Animals, anxiety, and anxiety disorders: How to measure anxiety in rodents and why

Behav Brain Res. 2018 Oct 15:352:81-93. doi: 10.1016/j.bbr.2017.10.016. Epub 2017 Oct 16.

Abstract

Measurement of anxiety is desirable for the benefit of drug development and understanding the brain function and mental well-being. Animal models offer the advantages of detailed neurobiological analysis, experimental manipulation of specific components in the brain circuits that underlie psychopathology, and the possibility of screening novel drugs with clinical potential. A large variety of animal models of anxiety and screening tests of anxiolytics is currently in use. While their value in advancing the knowledge and predicting therapeutic success of drugs is unquestionable, the expectations have grown much higher, and the frustration over absence of novel successful drug concepts is rising. It is argued that the multitude of factors that can interfere with animal behaviour in anxiety tests, and the complexity of neurobiology of the various anxiety disorders, present high demands on validation of each anxiety test within each specific laboratory condition. Anxiety models should be explicitly related to a theoretical paradigm on underlying neurobiology, because there is a diversity in concepts, and validation of the model and the selection of behavioural readouts is critically dependent on the neurobiological model. Environmental conditions during the model production and anxiety testing need more attention, including the less considered factors such as ultrasounds. More attention is required to the differences in anxiety neurobiology between males and females, and inter-individual differences in coping strategies.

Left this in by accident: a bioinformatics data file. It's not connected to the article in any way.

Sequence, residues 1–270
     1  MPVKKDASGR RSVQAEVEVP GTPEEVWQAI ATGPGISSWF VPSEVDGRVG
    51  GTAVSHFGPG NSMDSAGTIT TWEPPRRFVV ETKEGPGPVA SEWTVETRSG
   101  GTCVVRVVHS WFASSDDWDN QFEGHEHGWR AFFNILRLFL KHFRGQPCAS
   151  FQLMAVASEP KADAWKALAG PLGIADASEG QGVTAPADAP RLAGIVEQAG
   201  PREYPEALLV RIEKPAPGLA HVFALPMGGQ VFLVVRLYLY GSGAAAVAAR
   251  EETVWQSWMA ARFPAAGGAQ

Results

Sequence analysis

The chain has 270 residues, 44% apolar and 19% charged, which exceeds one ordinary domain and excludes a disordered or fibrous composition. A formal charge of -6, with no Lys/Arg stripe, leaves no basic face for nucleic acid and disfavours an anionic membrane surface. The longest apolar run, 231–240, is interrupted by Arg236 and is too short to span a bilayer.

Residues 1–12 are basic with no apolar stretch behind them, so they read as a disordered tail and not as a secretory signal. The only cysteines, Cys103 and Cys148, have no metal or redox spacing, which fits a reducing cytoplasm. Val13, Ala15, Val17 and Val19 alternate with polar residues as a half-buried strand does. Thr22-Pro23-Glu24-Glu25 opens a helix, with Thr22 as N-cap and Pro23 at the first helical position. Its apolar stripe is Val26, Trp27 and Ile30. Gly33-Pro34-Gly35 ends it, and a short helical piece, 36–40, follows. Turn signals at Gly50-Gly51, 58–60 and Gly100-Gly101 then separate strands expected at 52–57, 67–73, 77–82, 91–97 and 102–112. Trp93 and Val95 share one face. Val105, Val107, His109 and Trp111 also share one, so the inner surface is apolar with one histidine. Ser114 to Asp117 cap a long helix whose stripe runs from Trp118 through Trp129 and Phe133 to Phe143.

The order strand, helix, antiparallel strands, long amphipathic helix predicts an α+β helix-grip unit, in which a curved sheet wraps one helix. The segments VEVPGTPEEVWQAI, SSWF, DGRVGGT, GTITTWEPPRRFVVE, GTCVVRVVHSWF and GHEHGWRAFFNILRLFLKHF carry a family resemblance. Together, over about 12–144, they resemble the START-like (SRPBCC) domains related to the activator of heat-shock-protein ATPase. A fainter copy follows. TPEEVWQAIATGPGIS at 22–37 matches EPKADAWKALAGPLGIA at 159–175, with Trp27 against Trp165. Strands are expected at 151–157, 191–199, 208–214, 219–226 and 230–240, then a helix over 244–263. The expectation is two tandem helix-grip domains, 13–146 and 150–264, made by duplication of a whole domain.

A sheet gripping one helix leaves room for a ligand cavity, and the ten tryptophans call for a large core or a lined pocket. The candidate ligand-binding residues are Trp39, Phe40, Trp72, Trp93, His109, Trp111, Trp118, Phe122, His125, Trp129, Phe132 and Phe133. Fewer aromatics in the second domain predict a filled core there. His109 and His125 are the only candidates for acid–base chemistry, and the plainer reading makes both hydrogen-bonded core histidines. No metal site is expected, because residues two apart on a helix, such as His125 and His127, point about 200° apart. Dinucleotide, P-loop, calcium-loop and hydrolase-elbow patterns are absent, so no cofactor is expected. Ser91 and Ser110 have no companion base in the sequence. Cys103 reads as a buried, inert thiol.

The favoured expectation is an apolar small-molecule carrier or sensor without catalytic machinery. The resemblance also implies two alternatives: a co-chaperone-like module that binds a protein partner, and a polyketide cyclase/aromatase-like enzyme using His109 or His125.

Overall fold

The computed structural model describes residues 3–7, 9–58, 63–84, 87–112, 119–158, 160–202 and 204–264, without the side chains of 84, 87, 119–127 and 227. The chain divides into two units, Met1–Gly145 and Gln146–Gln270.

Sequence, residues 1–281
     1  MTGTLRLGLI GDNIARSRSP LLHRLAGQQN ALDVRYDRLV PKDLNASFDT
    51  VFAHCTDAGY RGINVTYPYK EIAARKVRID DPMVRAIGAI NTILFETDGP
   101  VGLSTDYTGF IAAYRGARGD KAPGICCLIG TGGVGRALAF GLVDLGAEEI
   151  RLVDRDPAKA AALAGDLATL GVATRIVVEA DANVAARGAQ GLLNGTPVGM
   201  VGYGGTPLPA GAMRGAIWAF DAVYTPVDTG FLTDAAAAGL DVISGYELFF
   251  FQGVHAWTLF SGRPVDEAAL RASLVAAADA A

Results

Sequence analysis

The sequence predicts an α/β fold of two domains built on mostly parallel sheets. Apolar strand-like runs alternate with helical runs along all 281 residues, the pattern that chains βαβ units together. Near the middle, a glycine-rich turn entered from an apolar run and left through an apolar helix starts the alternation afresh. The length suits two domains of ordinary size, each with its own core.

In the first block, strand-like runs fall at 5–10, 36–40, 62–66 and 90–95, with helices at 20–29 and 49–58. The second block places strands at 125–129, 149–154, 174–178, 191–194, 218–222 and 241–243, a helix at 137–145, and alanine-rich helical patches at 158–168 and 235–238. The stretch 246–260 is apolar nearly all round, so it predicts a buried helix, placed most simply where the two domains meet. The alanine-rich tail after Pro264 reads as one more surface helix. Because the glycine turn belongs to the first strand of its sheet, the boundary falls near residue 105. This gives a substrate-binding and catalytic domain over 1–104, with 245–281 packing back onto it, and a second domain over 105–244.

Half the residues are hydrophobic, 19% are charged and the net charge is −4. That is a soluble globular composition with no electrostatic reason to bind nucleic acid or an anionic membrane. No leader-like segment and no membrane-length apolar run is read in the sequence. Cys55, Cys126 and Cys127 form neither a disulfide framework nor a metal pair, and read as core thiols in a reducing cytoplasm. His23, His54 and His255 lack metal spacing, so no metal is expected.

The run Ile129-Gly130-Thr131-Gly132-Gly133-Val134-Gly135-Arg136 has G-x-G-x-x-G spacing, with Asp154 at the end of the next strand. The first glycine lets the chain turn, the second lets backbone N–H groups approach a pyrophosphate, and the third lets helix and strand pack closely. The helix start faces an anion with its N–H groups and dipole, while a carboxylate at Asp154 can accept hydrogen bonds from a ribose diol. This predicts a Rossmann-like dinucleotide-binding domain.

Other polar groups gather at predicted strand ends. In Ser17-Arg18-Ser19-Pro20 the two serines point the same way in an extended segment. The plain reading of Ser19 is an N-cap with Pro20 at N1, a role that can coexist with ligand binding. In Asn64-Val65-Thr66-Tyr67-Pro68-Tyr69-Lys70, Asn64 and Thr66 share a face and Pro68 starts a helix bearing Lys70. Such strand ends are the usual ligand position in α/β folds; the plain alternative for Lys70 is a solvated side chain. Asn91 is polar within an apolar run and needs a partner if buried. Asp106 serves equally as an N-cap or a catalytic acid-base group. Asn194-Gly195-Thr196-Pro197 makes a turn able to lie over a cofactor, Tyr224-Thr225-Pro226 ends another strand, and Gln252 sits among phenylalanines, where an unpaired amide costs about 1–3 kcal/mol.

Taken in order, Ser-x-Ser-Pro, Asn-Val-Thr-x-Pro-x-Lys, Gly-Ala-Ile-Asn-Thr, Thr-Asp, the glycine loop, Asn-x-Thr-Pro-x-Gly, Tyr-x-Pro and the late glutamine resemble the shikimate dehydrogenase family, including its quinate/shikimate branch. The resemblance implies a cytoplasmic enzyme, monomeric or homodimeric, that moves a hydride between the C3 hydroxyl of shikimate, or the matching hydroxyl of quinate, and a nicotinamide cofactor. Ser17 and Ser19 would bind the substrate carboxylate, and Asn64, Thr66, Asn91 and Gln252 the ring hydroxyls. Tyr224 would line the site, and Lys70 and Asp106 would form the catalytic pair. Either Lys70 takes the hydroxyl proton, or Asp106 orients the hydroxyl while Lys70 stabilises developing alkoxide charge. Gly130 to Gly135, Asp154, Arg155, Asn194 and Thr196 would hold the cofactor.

Keywords: Animal models; Anxiety; Anxiogenic drugs; Anxiolytics; Measurement; Screening.

Publication types

  • Research Support, Non-U.S. Gov't
  • Review

MeSH terms

  • Animals
  • Anxiety Disorders* / diagnosis
  • Anxiety Disorders* / drug therapy
  • Anxiety* / diagnosis
  • Anxiety* / drug therapy
  • Disease Models, Animal*
  • Psychological Tests
  • Rodentia* / psychology